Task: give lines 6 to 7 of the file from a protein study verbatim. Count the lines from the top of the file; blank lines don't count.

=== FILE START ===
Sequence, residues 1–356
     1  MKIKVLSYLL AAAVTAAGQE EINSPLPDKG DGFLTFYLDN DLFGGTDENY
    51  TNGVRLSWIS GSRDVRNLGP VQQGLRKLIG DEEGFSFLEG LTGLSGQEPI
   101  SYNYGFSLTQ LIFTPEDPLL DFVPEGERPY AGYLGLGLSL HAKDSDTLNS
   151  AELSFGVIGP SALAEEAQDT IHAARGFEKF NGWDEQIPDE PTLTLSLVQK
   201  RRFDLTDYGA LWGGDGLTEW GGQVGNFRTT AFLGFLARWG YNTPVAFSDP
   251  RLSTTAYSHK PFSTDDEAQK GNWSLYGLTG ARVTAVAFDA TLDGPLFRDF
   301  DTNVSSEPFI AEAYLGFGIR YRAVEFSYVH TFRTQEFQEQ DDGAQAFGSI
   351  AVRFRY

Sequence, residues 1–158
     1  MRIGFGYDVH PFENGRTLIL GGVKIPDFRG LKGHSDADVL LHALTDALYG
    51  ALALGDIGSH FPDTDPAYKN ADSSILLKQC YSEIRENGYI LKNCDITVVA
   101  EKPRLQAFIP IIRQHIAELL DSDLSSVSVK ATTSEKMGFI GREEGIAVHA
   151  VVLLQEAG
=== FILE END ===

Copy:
   201  RRFDLTDYGA LWGGDGLTEW GGQVGNFRTT AFLGFLARWG YNTPVAFSDP
   251  RLSTTAYSHK PFSTDDEAQK GNWSLYGLTG ARVTAVAFDA TLDGPLFRDF